Retired Gen. Michael Flynn is fresh off a presidential pardon and ready to get back into some trouble.President Trump pardoned his short-lived national security adviser last week, after Flynn had previously pleaded guilty to lying to the FBI about his contacts with a Russian ambassador. Flynn has since been sharing dubious allegations of voter fraud, and on Wednesday, boosted a message telling Trump to take some radical actions to stop it.In a full-page Washington Times ad from something called the We the People Convention, Ohio Tea Party leader Tom Zawistowski tries to draw a comparison between Lincoln trying to save the union in 1863 and Trump trying to claw back the 2020 election, using some disputed facts along the way. Zawistowski alleges a lot of similarities between the two times, from "Democrat/Socialist federal officials plotting to finish gutting the U.S. Constitution" to big tech "actively censoring free speech and promoting leftist propaganda." So to counter that, the We the People Convention suggests Trump "declare limited Martial Law to temporarily suspend the Constitution" in order to hold a presidential election re-vote overseen by the military.> Big pro-authoritarian energy in Trumpland today:> > The president's (recently pardoned) former national security adviser, Mike Flynn, shared a message encouraging President Trump to "temporarily suspend the Constitution," impose martial law and "silence the destructive media." pic.twitter.com/cQh0wl7oWw> > — Brad Heath (@bradheath) December 2, 2020Flynn shared the ad on Twitter on Wednesday, seemingly trying to encourage a bunch of Fox News hosts and QAnon supporters to share it. It's just one of many disputed facts and allegations about the election that are apparently flowing through the mind of the man who used to oversee America's national security.More stories from theweek.com Trump reportedly derailed a GOP meeting about the Georgia Senate runoffs by praising QAnon 5 absurdly funny cartoons about Trump's desperate fraud claims Florida attorney reportedly under investigation after telling Republicans to change 'your address for the next 2 months' for Georgia runoffs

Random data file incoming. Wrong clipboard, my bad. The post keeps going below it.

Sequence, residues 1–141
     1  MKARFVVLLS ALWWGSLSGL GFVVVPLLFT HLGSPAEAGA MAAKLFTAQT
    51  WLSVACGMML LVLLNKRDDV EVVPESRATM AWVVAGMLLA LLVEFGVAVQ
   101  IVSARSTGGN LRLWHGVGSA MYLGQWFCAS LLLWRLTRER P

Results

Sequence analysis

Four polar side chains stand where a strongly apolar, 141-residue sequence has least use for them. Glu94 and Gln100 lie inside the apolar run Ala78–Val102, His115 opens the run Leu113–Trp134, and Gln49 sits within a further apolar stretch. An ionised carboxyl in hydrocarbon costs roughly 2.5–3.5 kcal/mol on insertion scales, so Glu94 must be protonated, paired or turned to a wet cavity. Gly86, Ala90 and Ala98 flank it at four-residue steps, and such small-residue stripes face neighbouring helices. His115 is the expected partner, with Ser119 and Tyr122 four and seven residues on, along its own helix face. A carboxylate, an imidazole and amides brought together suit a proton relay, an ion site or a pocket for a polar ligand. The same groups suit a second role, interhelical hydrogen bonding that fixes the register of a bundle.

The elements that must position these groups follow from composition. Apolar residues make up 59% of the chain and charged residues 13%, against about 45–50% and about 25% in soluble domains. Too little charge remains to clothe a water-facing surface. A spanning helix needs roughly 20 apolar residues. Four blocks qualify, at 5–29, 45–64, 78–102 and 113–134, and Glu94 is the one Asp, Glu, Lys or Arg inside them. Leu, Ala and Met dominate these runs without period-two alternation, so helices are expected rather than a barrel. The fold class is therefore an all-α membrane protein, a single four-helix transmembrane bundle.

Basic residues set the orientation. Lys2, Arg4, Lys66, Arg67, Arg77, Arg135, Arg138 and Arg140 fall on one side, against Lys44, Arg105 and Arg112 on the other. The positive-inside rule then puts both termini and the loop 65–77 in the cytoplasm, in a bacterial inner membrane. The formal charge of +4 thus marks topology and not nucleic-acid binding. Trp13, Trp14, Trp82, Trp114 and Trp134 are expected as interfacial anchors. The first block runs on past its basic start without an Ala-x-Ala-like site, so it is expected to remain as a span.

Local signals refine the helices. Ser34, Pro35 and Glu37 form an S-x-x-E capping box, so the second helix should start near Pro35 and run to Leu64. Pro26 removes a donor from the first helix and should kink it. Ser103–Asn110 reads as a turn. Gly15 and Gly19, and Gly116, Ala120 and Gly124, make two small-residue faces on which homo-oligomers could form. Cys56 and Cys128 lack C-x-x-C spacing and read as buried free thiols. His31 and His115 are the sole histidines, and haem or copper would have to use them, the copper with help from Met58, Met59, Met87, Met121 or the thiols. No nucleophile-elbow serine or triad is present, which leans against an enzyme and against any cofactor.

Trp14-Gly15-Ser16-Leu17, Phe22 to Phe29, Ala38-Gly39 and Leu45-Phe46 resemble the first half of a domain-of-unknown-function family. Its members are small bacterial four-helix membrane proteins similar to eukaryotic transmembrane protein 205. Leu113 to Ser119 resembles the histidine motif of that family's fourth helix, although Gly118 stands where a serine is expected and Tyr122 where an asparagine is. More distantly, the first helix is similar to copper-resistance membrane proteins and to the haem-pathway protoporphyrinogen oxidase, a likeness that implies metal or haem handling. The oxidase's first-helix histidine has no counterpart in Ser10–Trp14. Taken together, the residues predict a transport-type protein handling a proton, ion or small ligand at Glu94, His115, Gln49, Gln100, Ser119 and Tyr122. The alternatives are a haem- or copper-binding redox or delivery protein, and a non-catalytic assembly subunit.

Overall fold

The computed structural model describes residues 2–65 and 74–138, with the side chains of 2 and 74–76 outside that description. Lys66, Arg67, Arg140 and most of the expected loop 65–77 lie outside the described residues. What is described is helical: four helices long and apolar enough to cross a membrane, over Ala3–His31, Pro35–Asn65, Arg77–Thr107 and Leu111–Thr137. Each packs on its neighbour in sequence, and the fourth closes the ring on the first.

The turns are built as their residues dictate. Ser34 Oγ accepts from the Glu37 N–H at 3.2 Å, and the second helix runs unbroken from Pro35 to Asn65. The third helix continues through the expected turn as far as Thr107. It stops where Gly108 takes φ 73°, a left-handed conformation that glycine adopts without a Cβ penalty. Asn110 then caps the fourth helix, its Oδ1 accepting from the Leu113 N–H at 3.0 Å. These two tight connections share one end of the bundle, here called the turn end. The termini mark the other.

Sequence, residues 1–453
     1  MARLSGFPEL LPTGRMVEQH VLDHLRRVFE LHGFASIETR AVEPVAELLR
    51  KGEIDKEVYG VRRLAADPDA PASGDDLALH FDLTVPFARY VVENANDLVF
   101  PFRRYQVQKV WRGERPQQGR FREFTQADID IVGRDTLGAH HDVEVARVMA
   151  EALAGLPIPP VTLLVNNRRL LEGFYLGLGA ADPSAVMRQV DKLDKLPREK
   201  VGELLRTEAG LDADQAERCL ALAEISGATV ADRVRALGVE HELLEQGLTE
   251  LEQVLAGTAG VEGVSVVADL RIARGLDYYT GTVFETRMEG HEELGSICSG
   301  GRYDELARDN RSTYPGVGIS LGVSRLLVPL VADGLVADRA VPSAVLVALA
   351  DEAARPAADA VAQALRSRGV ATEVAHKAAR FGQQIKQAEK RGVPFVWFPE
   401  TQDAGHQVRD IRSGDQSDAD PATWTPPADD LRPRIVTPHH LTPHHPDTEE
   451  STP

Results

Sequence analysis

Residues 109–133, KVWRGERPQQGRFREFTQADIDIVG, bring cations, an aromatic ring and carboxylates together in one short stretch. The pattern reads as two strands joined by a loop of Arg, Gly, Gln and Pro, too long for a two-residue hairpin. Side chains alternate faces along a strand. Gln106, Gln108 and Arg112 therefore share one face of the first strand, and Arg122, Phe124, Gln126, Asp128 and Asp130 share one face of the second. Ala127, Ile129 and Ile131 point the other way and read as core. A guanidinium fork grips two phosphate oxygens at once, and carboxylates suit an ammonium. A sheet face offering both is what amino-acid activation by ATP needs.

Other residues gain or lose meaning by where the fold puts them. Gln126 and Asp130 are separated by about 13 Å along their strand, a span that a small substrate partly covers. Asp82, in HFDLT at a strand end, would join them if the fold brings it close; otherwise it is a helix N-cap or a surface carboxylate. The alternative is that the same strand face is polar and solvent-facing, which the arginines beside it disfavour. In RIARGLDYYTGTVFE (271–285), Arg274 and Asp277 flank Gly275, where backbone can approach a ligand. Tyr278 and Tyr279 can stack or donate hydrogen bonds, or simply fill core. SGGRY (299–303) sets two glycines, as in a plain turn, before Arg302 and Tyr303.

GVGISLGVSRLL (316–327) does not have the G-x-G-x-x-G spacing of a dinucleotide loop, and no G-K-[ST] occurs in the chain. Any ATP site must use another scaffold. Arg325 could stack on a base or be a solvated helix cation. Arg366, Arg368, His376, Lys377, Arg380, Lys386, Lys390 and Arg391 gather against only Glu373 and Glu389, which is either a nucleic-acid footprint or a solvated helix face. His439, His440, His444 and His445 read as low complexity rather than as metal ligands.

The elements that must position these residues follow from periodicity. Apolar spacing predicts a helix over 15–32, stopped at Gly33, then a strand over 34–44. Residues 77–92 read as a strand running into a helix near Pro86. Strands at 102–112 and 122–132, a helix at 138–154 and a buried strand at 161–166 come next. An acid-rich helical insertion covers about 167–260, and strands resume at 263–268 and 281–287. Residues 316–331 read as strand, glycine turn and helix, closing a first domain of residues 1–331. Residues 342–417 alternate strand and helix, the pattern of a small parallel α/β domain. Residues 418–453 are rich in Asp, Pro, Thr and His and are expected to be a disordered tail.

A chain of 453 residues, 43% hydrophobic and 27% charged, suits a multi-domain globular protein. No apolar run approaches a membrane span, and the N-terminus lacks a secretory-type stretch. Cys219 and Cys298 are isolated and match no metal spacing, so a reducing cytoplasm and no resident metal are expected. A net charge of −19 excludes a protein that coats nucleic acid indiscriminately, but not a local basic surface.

Multiple precipitation records were broken Tuesday across Southeast Alaska, including a single-day rainfall record from 1946, the NWS said.
Police released photos of a person seen in the neighborhood.
Iran’s President Hassan Rouhani on Wednesday expressed his opposition to a bill approved by parliament the previous day to suspend U.N. inspections and boost uranium enrichment, saying it would be “harmful” to diplomatic efforts aimed at restoring the 2015 nuclear deal and easing U.S. sanctions. The tug-of-war over the bill, which gained momentum after the killing of a prominent Iranian nuclear scientist last month, reflects the rivalry between Rouhani, a relative moderate, and hard-line lawmakers who dominate parliament and favor a more confrontational approach to the West. The bill would suspend U.N. inspections and require the government to resume enriching uranium to 20% if European nations fail to provide relief from crippling U.S. sanctions on the country's oil and banking sectors.
The pro-democracy activist is “traumatised” after being arrested under a controversial security law.